Beware Of China ETFs (FXI, PGJ, GXC)
China's main stock market index, the Shanghai Composite, finished 2013 with a modest loss of seven percent.
The country has averted a hard landing for a couple years, but the stock market has been lagging the other top economies in the world.
Despite the strong growth out of China, investors continue to doubt if the country and keep up seven-plus percent growth in the future.
The largest Chinese ETF by assets under management is the iShares FTSE China Large-Cap ETF (NYSE: FXI ). With a total of $5.7 billion of assets in the ETF, it is head and shoulders above its competition. However, its performance in 2013, a loss of 5 percent, was subpar and lagged its peers.
The ETF has a narrow focus with only 25 stocks in the portfolio and over 55 percent in Chinese financial stocks. The reason the financials make up such a large portion of the ETF is that the goal of the underlying index is to track the 25 largest and most liquid stocks available to international investors. The financials fall into this category.
On the other side of the spectrum is the PowerShares Golden Dragon China ETF (NYSE: PGJ ) with $329 million in assets under management. The ETF was a huge winner in 2013 with a gain of 58 percent. There are a total of 72 Chinese companies in PGJ, which lowers the concentration, however the big difference is the names of the top holdings.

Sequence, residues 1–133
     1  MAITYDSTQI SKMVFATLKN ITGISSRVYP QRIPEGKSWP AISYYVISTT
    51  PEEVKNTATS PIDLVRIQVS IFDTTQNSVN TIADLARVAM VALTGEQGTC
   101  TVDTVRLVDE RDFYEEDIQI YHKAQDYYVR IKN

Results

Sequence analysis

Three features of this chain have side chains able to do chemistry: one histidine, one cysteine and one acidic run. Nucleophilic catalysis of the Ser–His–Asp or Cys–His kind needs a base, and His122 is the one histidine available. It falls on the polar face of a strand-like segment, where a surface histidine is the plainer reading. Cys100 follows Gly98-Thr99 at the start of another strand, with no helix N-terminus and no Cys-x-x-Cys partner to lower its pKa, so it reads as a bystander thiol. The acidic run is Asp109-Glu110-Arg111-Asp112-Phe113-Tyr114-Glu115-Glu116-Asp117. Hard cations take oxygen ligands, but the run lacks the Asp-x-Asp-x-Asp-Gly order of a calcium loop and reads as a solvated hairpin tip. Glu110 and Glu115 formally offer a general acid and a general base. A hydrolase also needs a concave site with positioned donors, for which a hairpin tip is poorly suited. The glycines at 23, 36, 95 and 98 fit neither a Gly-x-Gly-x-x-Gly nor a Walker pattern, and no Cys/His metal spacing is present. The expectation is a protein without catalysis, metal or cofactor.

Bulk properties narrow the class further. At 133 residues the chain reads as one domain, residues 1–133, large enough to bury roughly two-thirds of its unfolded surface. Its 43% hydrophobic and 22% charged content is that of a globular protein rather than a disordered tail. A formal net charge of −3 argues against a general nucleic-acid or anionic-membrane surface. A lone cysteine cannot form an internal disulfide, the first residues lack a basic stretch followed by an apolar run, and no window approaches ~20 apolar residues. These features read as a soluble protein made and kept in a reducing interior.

When comparing the top ten holdings of the two ETFs, only one company is present in both portfolios. China Mobile (NYSE: CHL ) is the number three holding in FXI with a allocation of 8.2 percent and it is the eighth largest holding in PGJ, making up 3.5 percent. CHL lost 11 percent in 2013, helping FXI lag PGJ.
The majority of the stocks that make up the top holdings in PGJ are technology related. Several of the top ten holdings are either at or near multi-year highs as the technology sector in China continues to outperform. The top holding, Baidu (NASDAQ: BIDU ), was up 77 percent in 2013 and was a major reason the ETF was able to post the strong gain.
Falling in the middle is the $862 million SPDR S&P China ETF (NYSE: GXC ) that gained five percent last year. The ETF has 31 percent in the financials and 20 percent in technology. The top holdings are not made up of the tech names similar to PGJ, but it also is not as reliant on the financial stocks. Looking ahead, GXC will likely fall in the middle between the two prior ETFs based on performance because of its more diversified approach.
When it comes to investing in China via ETFs an investor should beware of the many options and how the outcome can be greatly affected by which ETF is chosen.
(c) 2014 Benzinga.com. Benzinga does not provide investment advice. All rights reserved.
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